“My father-in-law is dying.”
It took me a long time to actually say those words. I don’t think I did before this past weekend. Before that it was, “He’s sick.” “He’s fighting.” “I’m worried about him.” (I didn’t want to actually say the words “Cancer” or “Lymphoma” either.) Then it was, “He’s not doing well.” “Things don’t look good.” “We don’t know how much time he has left.”
It all amounts to the same thing, and has since his diagnosis at the beginning of December: He’s dying.
I don’t know how to face that. My biggest fear is the one that I know will be coming true over and over for the rest of my life: That things will never be the way they were again. It’s always happened, it always will happen, and yet I’m terrified of it happening. And death is the most permanent way it happens. How can the world continue when someone has left it? It’s not the same world anymore. It’s a different one, and everything in it will be a little bit emptier, a little bit tinged with loss. How does one cope with that knowledge?
I can’t decide if it’s easier or harder when you know it’s coming in advance. It’s less of a shock, but then, you’re waiting. You’re in this in-between place where the world is changing and and it has change and it will change, and something has happened and nothing has happened, and you’re just waiting. You know what’s coming. It’s like mourning someone before they’re really dead.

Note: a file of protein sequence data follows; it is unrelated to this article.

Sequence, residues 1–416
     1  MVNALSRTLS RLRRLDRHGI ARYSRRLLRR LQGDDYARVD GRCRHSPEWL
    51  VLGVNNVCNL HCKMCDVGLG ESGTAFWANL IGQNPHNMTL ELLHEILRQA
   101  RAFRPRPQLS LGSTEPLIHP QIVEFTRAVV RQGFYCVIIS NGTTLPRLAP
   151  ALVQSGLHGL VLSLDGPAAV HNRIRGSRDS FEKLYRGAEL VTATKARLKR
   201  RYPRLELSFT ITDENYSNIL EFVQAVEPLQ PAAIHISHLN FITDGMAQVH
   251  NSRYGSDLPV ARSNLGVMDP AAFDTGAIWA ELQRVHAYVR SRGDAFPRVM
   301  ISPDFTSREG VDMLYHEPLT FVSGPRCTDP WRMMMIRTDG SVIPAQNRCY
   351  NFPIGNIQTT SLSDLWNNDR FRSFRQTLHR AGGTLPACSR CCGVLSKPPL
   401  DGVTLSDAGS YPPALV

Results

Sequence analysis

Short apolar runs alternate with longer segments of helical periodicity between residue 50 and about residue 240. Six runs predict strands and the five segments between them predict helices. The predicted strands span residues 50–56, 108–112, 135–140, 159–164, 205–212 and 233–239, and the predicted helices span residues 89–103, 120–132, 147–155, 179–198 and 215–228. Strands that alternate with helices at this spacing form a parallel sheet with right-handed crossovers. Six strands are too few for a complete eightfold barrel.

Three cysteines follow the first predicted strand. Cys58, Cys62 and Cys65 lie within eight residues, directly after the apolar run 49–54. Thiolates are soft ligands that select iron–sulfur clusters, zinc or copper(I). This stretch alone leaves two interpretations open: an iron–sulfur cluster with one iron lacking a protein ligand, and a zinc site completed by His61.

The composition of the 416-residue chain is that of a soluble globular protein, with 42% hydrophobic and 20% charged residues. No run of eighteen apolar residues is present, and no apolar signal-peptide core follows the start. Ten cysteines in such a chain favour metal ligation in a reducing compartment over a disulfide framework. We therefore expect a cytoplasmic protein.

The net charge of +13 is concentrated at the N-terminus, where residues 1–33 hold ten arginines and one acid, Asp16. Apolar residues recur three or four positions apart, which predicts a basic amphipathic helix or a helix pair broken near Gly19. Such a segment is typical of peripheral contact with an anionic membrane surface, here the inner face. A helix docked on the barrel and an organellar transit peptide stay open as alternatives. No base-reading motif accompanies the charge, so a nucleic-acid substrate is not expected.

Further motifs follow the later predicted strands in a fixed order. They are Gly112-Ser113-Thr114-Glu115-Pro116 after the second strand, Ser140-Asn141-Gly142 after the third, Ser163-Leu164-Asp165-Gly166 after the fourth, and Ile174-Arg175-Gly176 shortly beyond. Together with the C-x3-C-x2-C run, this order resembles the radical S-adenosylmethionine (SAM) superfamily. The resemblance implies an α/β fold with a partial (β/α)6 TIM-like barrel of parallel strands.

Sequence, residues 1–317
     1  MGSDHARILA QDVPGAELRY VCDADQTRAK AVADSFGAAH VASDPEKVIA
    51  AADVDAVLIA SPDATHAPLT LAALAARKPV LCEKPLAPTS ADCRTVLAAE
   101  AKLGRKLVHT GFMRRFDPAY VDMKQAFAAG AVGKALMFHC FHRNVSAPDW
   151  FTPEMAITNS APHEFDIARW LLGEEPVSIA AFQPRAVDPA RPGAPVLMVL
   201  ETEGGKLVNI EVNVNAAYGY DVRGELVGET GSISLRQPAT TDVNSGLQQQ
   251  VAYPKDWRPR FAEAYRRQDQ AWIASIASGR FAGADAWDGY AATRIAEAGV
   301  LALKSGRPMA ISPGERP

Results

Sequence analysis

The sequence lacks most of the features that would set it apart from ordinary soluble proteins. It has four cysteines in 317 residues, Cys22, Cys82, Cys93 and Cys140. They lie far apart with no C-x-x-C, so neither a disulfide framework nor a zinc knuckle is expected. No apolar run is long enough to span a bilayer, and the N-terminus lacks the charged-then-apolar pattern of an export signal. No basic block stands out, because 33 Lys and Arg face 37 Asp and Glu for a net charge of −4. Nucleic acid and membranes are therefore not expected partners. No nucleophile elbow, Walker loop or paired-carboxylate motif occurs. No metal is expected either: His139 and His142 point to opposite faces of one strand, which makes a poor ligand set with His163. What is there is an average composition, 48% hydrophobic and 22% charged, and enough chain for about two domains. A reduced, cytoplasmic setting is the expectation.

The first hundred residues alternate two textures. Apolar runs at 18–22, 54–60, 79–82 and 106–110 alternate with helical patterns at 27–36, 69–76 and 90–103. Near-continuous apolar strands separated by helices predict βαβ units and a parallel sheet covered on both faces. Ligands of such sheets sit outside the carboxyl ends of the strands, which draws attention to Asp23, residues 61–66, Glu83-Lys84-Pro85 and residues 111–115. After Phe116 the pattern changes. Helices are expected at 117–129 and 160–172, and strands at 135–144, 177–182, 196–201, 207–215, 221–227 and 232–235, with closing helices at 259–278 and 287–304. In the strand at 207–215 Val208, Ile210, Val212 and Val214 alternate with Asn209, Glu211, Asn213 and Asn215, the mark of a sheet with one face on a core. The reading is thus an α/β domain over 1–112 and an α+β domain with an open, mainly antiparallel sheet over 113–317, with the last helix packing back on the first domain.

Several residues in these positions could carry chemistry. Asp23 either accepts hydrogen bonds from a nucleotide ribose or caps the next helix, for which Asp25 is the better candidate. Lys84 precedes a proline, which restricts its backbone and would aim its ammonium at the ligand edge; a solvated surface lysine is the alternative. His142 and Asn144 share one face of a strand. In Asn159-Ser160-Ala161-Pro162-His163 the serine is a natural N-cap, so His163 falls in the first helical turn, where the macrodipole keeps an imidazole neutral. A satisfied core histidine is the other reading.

“Dead” is another word I’ve been avoiding. “Dying” is a process. It’s a thing that’s happening. “Dead” is a product. It’s the end. It’s over. Time’s up. My father-in-law will probably be dead by the end of the summer. Probably sooner.
And what do I do with that?
I guess I’m thinking now about the way we use words, and what they mean to us, and the way we lie to ourselves with them. I lie to myself by saying “Sick” instead of “Cancer,” by saying “Fighting” instead of “Dying.” Words are funny little things. Maybe using the right words is the first step to acceptance. Maybe the five stages of grief can be summed up by which words you use when you talk about a thing that’s happening. Maybe the fact that my instinct was to write “a thing that’s happening” rather than “someone who’s dying” is a little lie to myself, too.
I’m still not ready for the “Art from Pain” post. I’m working towards it. This is the closest I can come right now to creating something from my pain. I don’t think I’ll be really ready to write that post until after.
And now I’m fully aware of the fact that “after” means so much more than I want to really say.
If anyone wants to help me and my husband make the 900-mile trek to Ohio for a final visit to see his father, we’d appreciate it. We’ve set up a GoFundMe campaign, which you can find here.